Observations From the Lighthouse

Stephanie Luka was born in 1997 to a Dutch mother and a Congolese father. She discovered her fascination with the arts only after quitting her career as a professional gymnast and entering the University of Amsterdam at the age of sixteen. Her work emanates mostly from dreams; it strives to acknowledge and interpret these fragmentary, illogical shards of truth, and to (re)construct them in a way that fabricates considerable lucidity and relevance without repudiating the ambiguities present. Stephanie has previously been featured in Allegory Ridge, International Times, Dissonance Magazine, and The Metaworker.

Observations From the Lighthouse

The waves, like Virginia’s, they speak
in glistening voices dripping
with honey from the bee or the sea
creatures, with gold sun guiding them
towards divine timelines of tropical
tenderness, baffling allure looming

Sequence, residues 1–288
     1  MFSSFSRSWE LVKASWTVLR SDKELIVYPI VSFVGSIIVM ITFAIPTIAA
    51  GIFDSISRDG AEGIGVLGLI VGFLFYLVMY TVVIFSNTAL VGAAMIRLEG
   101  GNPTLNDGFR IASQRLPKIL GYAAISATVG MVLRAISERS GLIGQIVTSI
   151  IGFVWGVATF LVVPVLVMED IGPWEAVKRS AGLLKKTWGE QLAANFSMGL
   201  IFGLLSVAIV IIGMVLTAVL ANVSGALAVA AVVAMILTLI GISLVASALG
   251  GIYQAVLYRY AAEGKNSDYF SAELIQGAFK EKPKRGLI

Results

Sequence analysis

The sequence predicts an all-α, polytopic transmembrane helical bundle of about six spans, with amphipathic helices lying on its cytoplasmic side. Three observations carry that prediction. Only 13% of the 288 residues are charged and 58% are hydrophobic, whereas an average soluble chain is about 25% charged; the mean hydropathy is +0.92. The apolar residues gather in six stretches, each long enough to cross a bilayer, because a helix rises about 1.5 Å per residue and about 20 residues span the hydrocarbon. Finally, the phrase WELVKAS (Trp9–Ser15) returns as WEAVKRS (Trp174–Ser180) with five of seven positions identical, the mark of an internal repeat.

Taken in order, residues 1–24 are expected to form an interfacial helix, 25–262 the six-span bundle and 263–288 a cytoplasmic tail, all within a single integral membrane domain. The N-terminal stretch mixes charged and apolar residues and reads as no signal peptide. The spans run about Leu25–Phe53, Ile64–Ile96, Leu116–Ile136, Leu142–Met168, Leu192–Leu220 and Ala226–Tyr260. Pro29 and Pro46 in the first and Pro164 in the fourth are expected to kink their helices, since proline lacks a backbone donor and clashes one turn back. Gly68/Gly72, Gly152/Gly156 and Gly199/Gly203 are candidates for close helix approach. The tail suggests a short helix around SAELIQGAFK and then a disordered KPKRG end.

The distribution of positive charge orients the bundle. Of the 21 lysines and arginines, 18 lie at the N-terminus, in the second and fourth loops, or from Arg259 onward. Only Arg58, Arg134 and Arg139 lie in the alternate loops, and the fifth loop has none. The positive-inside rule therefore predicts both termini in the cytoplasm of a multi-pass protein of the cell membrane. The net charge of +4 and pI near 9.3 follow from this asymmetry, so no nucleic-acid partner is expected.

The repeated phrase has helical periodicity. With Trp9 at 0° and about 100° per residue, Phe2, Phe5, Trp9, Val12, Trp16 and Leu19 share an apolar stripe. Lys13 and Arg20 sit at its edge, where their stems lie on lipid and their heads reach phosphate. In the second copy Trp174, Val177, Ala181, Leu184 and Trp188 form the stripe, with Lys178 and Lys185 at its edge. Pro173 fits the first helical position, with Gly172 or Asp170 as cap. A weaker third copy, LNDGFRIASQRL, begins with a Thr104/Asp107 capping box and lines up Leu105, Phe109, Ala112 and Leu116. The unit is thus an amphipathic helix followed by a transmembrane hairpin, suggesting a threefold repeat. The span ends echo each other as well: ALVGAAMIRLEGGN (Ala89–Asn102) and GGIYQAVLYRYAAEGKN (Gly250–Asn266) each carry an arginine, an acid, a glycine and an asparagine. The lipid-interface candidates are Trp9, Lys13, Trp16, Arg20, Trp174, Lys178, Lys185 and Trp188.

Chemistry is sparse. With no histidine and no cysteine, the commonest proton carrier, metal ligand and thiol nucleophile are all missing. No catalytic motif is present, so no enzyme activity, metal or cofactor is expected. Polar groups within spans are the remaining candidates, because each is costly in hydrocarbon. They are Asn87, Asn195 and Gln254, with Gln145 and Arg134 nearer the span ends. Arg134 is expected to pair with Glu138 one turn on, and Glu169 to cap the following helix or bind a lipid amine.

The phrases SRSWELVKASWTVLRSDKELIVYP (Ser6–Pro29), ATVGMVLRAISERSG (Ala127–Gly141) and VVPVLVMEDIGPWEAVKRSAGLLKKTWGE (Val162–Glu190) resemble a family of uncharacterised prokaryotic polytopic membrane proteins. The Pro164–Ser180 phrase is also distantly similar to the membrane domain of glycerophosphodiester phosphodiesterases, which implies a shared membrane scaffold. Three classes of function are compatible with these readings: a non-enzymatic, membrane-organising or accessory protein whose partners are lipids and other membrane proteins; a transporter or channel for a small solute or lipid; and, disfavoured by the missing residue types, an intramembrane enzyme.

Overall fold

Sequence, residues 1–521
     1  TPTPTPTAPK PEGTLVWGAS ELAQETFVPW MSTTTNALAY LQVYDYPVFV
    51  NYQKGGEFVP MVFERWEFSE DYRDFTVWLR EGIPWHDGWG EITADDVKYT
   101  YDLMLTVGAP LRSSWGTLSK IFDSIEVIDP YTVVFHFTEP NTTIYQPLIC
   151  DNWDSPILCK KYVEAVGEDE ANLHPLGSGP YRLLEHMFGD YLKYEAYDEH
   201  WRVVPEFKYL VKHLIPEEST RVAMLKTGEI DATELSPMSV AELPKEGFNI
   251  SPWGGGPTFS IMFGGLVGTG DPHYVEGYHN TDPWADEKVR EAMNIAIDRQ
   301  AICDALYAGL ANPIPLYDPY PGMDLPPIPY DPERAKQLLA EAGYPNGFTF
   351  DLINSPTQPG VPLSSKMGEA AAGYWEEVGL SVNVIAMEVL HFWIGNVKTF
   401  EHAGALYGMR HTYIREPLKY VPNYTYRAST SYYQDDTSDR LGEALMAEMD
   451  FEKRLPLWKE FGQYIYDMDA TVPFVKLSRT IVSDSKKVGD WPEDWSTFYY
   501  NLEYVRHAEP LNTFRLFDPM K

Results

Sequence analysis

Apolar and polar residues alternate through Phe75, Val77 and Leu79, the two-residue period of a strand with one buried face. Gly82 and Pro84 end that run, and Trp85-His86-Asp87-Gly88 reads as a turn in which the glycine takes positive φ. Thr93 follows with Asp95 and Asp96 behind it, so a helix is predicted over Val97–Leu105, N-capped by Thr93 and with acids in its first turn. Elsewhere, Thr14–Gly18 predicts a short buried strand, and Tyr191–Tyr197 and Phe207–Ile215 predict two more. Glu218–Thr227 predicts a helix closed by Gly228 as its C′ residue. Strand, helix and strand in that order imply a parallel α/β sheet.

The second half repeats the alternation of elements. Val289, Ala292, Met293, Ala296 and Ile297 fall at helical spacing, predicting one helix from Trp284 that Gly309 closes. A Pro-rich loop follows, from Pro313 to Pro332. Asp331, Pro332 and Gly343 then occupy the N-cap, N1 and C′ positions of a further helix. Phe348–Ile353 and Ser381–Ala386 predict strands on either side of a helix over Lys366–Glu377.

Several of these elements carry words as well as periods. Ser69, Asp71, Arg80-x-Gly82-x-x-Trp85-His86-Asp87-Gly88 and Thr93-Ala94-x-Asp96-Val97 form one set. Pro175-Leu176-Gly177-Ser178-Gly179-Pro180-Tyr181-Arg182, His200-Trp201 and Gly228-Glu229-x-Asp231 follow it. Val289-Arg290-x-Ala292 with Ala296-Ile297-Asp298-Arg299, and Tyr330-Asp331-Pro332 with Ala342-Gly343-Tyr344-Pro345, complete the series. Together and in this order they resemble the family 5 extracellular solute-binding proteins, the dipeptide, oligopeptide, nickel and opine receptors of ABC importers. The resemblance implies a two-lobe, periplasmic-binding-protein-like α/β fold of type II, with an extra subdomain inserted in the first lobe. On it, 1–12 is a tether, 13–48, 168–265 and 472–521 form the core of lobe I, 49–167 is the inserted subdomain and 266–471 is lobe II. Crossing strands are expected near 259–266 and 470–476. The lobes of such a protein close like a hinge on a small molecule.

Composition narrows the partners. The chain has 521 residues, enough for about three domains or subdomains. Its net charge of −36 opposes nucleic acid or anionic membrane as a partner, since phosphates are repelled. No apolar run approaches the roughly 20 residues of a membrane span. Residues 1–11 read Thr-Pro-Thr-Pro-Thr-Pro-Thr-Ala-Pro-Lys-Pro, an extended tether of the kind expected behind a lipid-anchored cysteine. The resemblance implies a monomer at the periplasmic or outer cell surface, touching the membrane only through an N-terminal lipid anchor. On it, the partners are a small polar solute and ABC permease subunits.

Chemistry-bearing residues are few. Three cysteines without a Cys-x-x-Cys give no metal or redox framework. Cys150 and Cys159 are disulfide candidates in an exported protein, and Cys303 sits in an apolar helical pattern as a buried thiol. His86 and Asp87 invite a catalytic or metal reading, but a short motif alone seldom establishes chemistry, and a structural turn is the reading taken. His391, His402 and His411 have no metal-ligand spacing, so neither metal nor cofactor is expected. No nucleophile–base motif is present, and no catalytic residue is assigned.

low – they speak of rotten revolutions.

The waves, like Virginia’s, they
are sticky and sweet, licorice-like,
but also infused with the maritime
marrow of underwater sand-
storms, and tears discharged
from eyes fighting against the
stingy salt intruding their globes.

The waves, like Virginia’s, they
are form and they are matter,
they carry and they kill, they are
all one another and they do not bother
to microwave the milk, to scrub
the shame off the shells that open
and close for fish to feast on and
enter; those shells that leak white
powerless heat, plighted perpetually
to stay inside and safe from predators
prowling and planning to pounce, for

the waves, like Virginia’s, do not
bother with funeral processions
either, nor with crystallised ceramic
urns or headstones that crumble
as the seasons take turns torturing
the tattered tar. But the ocean does
bury all:

each wave
a burial.

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